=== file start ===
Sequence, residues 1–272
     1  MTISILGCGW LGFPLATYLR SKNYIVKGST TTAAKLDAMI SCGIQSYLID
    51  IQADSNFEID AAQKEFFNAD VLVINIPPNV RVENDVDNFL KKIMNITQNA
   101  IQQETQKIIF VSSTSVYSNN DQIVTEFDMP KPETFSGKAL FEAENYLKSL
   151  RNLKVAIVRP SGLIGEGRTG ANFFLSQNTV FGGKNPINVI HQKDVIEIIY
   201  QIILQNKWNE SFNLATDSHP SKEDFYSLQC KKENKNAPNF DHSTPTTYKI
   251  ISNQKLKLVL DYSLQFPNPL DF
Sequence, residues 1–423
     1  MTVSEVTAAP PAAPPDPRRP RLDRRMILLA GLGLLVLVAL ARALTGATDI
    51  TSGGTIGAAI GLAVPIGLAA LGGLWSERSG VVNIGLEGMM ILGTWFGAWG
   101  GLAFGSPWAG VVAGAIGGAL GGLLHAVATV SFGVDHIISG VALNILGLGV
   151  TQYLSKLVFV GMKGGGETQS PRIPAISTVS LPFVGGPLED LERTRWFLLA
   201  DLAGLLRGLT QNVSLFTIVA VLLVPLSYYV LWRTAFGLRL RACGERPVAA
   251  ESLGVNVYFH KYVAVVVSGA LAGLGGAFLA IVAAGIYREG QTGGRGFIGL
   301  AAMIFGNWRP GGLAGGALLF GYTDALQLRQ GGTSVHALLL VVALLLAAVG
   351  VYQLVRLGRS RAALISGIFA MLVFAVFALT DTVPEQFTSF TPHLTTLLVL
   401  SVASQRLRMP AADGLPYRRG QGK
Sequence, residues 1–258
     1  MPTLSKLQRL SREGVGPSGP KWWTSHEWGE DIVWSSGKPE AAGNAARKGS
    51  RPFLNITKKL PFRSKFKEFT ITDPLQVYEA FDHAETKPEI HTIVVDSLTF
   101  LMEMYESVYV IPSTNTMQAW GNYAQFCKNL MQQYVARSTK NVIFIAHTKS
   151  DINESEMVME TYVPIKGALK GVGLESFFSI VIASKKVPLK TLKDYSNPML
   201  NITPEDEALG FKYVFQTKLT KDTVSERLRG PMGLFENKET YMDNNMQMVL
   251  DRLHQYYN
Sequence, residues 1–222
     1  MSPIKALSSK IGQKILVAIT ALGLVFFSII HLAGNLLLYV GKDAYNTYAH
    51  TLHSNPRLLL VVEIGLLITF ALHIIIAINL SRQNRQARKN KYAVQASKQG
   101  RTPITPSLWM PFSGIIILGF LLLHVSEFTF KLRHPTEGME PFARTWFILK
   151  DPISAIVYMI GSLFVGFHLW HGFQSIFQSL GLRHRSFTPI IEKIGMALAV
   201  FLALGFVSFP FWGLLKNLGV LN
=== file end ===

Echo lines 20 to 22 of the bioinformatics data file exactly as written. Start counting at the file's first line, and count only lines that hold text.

    51  RPFLNITKKL PFRSKFKEFT ITDPLQVYEA FDHAETKPEI HTIVVDSLTF
   101  LMEMYESVYV IPSTNTMQAW GNYAQFCKNL MQQYVARSTK NVIFIAHTKS
   151  DINESEMVME TYVPIKGALK GVGLESFFSI VIASKKVPLK TLKDYSNPML